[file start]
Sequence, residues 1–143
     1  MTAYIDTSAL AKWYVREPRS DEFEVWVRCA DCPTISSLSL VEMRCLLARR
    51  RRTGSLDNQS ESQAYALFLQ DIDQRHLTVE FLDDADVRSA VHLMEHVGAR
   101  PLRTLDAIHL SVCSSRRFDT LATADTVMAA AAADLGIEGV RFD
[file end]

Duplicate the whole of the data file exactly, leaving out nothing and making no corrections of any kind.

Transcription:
Sequence, residues 1–143
     1  MTAYIDTSAL AKWYVREPRS DEFEVWVRCA DCPTISSLSL VEMRCLLARR
    51  RRTGSLDNQS ESQAYALFLQ DIDQRHLTVE FLDDADVRSA VHLMEHVGAR
   101  PLRTLDAIHL SVCSSRRFDT LATADTVMAA AAADLGIEGV RFD